We performed Pearson’s correlation analysis of the COPT/Ctr family genes and found that the transcript levels of COPT-Eucgr.A00965 and COPT-Eucgr.E00673 (R = 0.772) and COPT-Eucgr.E00765 and COPT-Eucgr.E04213 (R = 0.748) were highly significantly correlated (P < 0.001, Supplementary Table. S3).
YSL transporter family
YSL family transporters belong to the oligopeptide transporter family and are significant iron transport proteins. YSL transporters do not use free metals as substrates, but complexes of metals with nicotiana amine (NA) or its derivatives . NA is a non-proteogenic amino acid that is synthesized from S-adenosyl-methionine by the enzyme NA synthase (NAS). Transport by YSL proteins is induced by H+-symport . Additionally, at least some plant oligonucleotide transporters are also associated with metal transport , although the identity of the metal complex transported remains elusive. Little is known about the structure of these proteins, with different models proposing a range of 11–16 TM regions . In broad terms, YSL transporters are involved in metal uptake from the soil in monocots and in long-distance metal distribution in both monocots and dicots .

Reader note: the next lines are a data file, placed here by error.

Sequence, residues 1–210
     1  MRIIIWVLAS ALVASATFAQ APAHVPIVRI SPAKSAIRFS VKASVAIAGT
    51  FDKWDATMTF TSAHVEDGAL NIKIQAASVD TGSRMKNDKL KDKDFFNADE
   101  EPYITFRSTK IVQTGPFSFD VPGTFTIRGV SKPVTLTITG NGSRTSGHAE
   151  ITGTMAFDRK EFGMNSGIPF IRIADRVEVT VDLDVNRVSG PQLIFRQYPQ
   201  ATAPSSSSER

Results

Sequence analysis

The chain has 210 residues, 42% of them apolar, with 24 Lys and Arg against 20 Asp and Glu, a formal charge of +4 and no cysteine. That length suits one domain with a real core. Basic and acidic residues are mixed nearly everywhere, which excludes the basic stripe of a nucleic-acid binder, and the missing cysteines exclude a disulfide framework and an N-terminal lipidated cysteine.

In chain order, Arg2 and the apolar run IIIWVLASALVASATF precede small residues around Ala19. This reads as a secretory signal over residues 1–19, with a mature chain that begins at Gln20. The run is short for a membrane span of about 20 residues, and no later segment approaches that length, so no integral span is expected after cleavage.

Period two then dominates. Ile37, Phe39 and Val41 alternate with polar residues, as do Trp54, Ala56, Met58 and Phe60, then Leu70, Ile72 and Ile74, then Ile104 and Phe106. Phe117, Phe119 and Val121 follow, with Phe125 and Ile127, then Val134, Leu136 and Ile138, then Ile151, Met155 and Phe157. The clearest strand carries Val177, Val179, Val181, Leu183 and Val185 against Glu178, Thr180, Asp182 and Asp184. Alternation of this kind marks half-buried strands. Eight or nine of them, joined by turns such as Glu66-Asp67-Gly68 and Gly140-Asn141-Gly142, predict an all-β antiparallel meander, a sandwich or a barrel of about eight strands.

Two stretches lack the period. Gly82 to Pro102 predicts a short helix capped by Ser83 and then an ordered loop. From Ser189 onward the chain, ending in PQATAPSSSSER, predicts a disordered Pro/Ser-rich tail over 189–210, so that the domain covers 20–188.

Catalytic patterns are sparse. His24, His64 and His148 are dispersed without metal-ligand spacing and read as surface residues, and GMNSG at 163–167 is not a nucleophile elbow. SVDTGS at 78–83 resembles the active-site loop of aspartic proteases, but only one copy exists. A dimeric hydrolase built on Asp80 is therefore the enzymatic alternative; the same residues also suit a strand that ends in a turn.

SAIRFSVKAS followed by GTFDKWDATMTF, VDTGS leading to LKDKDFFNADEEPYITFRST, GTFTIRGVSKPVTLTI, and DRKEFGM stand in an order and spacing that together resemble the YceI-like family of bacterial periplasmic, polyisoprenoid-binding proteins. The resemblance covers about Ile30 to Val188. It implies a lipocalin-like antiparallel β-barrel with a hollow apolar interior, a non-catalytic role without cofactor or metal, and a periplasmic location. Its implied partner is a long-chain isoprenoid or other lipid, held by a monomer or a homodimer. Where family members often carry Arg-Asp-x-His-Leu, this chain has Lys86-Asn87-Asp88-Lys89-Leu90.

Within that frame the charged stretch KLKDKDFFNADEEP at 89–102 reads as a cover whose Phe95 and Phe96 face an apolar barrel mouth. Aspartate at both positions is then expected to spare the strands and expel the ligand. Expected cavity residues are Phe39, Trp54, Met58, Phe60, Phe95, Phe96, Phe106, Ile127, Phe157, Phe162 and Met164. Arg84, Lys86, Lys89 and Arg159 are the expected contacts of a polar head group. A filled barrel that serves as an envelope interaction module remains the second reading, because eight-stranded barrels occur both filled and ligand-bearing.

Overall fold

Nineteen candidate YSL family genes were identified in the E. grandis genome. Limiting the supply of Zn affected the transcript levels of genes involved in Zn metabolism in the roots of both AMF- and NM-treatment groups. In roots, YSL-Eucgr.I01628, YSL-Eucgr.A01430, and YSL-Eucgr.K00010 formed subcluster I (Fig. 3). Under high-Zn conditions, the transcript abundance of genes in subcluster I was higher after NM treatment than after AMF treatment (Fig. 3). The second subcluster consisted of YSL-Eucgr.K02316, YSL-Eucgr.K02315, YSL-Eucgr.K02319, YSL-Eucgr.K00012, YSL-Eucgr.D01684, YSL-Eucgr.H00652, YSL-Eucgr.H00651, YSL-Eucgr.K00413, YSL-Eucgr.B00833, YSL-Eucgr.K02320, YSL-Eucgr.K02321, YSL-Eucgr.B00295, YSL-Eucgr.B00296, YSL-Eucgr.B00835, YSL-Eucgr.G02568, and YSL-Eucgr.K02318. Under high-Zn conditions, the transcript levels of these genes were similar or lower after NM treatment compared with their levels after AMF treatment.